Last week a representative from the American Civil Liberties Union saw her chance to speak about the First Amendment squashed by students chagrined by the actions of her employer.
Students from a Black Lives Matter chapter at the College of William and Mary interrupted Claire Guthrie Gastañaga — executive director of ACLU Virginia — as she began to speak in the Sadler Center on Sept. 27.
Their issue? Representatives from the organization made it clear in April that they intended to defend the right to free speech for members of the Ku Klux Klan and white nationalists, even if it did not necessarily agree with their views.
In response, students stood in front of Gastañaga and chanted, condemning what they perceived as a shameful defense of white supremacy and of the Klan.
More than a half hour later, Gastañaga left the stage and organizers canceled the event. A video of the protest has been posted to the Black Lives Matter chapter’s Facebook page.
William and Mary president Taylor Reveley lamented the protests in a statement.
“William and Mary has a powerful commitment to the free play of ideas. We have a campus where respectful dialogue, especially in disagreement, is encouraged so that we can listen and learn from views that differ from our own, so that we can freely express our own views and so that debate can occur,” he said. “Unfortunately, that type of exchange was unable to take place Wednesday night when an event to discuss a very important matter — the meaning of the First Amendment — could not be held as planned.”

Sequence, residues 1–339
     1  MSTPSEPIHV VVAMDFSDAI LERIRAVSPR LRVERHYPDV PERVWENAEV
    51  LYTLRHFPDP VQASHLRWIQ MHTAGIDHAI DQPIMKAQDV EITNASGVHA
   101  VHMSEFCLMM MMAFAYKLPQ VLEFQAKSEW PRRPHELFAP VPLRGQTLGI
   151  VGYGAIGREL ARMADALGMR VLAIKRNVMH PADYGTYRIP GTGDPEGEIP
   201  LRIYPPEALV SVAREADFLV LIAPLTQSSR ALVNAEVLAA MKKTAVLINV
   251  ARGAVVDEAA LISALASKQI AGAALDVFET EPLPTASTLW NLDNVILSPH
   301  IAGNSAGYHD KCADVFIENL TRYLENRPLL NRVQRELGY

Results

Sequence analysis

After the Charlottesville protests in August, ACLU leaders reiterated that they intend to defend the right to protest and the right to free speech for all Americans.
From its Facebook page, the campus’ Black Lives Matter chapter made it clear that it stands at odds with the ACLU and against white supremacy in American society.
“In contrast to the ACLU, we want to reaffirm our position of zero tolerance for white supremacy, no matter what form it decides to masquerade in,” the statement said.
Brian Whitson, the college’s chief communications officer, stressed that the college will continue to have events on campus that touch on what for many students may be uncomfortable topics.
“We must be a campus that welcomes difficult conversations, honest debate and civil dialogue,” he said. “We are reviewing our planning and protocols and taking measures to prevent this from happening again.”